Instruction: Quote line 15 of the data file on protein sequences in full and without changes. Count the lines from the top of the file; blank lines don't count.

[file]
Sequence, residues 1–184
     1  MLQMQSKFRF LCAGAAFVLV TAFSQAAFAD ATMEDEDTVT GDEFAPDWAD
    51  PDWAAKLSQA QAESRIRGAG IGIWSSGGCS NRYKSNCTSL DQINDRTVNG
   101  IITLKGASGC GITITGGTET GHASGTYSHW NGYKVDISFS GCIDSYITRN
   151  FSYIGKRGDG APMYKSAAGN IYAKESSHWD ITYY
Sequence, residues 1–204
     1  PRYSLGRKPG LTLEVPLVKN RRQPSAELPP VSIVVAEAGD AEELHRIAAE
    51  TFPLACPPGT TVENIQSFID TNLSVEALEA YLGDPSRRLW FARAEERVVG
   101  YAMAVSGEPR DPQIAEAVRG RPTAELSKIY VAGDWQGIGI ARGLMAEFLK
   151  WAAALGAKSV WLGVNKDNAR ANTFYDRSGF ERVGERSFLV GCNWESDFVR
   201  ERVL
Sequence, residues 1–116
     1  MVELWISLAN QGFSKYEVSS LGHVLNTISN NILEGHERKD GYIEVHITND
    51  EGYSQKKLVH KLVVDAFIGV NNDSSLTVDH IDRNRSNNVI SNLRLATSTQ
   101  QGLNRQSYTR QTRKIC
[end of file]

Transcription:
   101  QGLNRQSYTR QTRKIC